Sunday, 27 February 2011

A small hurdle

Things have been fairly quiet on the shop front this weekend. Why? Well, aside from borderline RSI due to excessive flat-pack construction (I just can't help myself), we hit a minor obstacle on our route to opening Seashore Ceramics.

It doesn't bear going into at length, but we discovered we'd have to apply for change of use planning permission on the property we're renting, from standard retail use to 'mixed use'. This meant some very stressful filling-out of some very cryptic forms late one night this week, and a whole day of chasing round different council departments, bits of information and photocopiers for K, so that we could get the application in as soon as humanly possible. By the sounds of it, the whole affair was a bit like that John Cleese film 'Clockwork', but set in the print shops of Newton Abbot.

We're really hoping that our request is going to be approved - in theory it shouldn't be a problem, but they can't guarantee anything, and the wait is up to 8 weeks before we know. Personally, I think they'd be mad to turn it down - a fun, creative, tourist-friendly business is surely just what the area needs, rather than just having a temporary 'fell off the back of a lorry' shop fill the space, or worse, leaving it empty - but then, I'm going to be biased, aren't I!

So, we'd been hoping to open for Mother's Day (first weekend in April), and still plan to if permission comes through earlier. If it takes the full 8 weeks, but as long as we actually get permission, we should still be able to open in time for the Easter holidays. And in the meantime, having taken our metaphorical feet of the gas slightly has given us time to do more work on getting our website and stock ordering set up.

I think things are going to be just fine, it's just a matter of trying to ignore the slight cloud of uncertainty which hangs over us for the near future!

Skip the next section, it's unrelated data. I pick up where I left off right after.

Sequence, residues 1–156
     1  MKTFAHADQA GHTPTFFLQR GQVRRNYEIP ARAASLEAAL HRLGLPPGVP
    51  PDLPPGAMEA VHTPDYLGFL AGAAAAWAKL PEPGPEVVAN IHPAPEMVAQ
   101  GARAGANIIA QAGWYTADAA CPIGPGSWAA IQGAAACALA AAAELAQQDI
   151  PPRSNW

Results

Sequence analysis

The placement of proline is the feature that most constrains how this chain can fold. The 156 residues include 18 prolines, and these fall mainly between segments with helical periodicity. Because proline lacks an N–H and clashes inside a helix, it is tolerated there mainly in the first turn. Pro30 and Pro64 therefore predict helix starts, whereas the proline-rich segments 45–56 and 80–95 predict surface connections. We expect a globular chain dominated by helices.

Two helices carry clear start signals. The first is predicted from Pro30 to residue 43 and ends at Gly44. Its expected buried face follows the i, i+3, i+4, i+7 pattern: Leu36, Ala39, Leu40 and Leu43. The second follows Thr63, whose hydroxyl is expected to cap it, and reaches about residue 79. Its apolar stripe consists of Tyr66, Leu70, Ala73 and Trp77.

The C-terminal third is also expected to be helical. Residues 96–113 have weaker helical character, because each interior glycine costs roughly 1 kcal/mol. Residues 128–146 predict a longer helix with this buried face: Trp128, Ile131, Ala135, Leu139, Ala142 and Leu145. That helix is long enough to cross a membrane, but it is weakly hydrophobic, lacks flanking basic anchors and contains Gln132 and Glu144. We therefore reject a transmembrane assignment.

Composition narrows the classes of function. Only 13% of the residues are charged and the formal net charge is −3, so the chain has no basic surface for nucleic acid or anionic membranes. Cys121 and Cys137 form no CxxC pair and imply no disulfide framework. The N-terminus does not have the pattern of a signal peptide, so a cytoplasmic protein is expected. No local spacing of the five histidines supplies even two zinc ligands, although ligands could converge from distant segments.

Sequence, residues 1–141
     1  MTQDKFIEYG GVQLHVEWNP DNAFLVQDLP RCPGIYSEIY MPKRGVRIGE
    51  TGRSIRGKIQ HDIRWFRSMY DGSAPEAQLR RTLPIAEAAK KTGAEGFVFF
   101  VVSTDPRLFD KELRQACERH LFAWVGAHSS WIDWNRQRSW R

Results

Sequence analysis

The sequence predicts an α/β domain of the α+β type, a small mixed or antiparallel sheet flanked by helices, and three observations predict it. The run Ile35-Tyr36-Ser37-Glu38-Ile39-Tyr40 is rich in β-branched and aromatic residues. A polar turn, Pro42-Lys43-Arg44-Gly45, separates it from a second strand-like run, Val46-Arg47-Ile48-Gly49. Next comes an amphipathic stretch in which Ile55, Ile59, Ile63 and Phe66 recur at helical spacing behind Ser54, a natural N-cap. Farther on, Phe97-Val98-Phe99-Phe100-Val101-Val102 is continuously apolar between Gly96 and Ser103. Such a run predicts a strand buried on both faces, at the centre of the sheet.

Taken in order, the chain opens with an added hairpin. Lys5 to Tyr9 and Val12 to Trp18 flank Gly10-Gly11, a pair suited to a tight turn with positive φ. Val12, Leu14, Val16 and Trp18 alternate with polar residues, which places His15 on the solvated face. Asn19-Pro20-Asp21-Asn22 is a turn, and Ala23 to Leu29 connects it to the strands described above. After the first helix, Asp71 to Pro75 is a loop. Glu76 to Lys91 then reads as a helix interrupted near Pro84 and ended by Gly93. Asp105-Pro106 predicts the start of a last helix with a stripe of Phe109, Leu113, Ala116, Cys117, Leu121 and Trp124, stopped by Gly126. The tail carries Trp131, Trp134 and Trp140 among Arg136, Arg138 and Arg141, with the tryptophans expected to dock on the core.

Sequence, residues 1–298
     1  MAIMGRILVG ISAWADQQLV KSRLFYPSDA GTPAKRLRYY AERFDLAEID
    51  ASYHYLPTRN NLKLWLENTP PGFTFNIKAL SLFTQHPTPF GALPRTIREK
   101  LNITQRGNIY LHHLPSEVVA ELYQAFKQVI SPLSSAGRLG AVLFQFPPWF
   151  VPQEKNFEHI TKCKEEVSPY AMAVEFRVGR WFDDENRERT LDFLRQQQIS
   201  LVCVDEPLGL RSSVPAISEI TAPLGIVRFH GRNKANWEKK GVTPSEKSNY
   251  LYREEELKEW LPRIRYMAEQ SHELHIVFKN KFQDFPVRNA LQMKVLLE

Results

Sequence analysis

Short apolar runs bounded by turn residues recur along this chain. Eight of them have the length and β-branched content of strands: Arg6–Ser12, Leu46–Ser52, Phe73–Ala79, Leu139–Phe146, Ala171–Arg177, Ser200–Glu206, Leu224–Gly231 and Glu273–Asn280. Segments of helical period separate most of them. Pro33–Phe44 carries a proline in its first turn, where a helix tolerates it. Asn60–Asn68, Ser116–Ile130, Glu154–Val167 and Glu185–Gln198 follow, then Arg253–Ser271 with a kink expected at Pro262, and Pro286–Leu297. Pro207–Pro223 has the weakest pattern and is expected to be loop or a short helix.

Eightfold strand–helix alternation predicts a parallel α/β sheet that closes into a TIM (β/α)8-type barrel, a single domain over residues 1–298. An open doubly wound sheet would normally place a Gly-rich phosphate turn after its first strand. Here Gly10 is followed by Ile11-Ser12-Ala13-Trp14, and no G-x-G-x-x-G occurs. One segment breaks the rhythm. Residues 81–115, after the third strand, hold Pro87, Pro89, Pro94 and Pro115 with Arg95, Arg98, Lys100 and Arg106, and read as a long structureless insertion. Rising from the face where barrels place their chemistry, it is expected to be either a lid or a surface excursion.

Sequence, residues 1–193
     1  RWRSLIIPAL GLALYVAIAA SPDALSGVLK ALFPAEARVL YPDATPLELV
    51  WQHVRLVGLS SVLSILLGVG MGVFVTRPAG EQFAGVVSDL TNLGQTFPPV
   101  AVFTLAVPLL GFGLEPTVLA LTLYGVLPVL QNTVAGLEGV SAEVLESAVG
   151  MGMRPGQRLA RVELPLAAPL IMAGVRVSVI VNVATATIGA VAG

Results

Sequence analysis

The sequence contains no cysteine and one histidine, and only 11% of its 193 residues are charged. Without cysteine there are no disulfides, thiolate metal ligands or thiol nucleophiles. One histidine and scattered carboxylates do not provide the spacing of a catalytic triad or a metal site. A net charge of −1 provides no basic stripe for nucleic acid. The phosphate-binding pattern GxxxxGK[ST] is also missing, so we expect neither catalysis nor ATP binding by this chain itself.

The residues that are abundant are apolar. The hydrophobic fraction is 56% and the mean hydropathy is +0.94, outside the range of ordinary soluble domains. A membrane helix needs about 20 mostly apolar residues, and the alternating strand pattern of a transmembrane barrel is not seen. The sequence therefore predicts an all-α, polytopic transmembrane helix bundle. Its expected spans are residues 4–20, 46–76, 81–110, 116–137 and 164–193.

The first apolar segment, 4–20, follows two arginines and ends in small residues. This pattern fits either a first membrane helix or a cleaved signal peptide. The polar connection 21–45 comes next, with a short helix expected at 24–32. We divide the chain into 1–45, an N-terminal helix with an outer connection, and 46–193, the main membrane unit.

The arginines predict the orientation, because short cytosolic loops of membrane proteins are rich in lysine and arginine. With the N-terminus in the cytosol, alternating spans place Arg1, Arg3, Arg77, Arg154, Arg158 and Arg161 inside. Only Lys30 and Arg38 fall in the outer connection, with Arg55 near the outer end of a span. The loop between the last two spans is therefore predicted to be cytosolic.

Sunday, 20 February 2011

Flatpack fest

It feels like a lot has changed in the shop in just a week.

The walls are almost painted, and the new flooring is down - the whole place looks so much brighter and cleaner! (OK, so it wouldn't have been hard, but still...)
K and his brother have been working hard: laying lino, painting walls and building a wall at the back of the room for the kiln to hide behind.
Back wall 20th Feb
Or me!

We also took delivery of our tables and chairs, which arrived in such a number of boxes that the delivery man actually called me up to check I hadn't mistakenly added an extra nought onto my order.

NB: the following pictures may only be exciting to other similarly disturbed types like me who love putting flat-pack up...
20 boxes of fun
Oooh, boxes!
Flat-pack fest
Mmm, pieces o' pine!

Instructions read in full, pieces categorised, and armed with my tiny allen key, the fun commenced. Before long we had our first table and chairs.
Finished set

The great thing about having done this is that we've been able confirm how many tables will fit in the shop. Having previously worried that we might not even fit eight tables in, it looks as if they'll fit comfortably - with possibly room for even more.


The To-Do list is still as long as both my arms (and one of my legs) put together, but with the help of a lick of paint and a little furniture, it must be said that it really feels like the shop is starting to come together!

Tuesday, 15 February 2011

Half a small forest

We just placed a whopping order for our shop furniture. After much to-ing and fro-ing, humming and hawing and running down every furniture supplier the internet had to offer, we went with a very plain set of tables and chairs from Homebase...
table and chairs
(photo brazenly swiped from their website)

...ten of them. Yes, ten. These pine babies will arrive unassembled, so I'm anticipating an orgy of flat-pack this weekend - which is good, because I have an unhealthy love of putting this stuff together. (If the business ever falls through, I am available for hire for all your flat-pack needs!)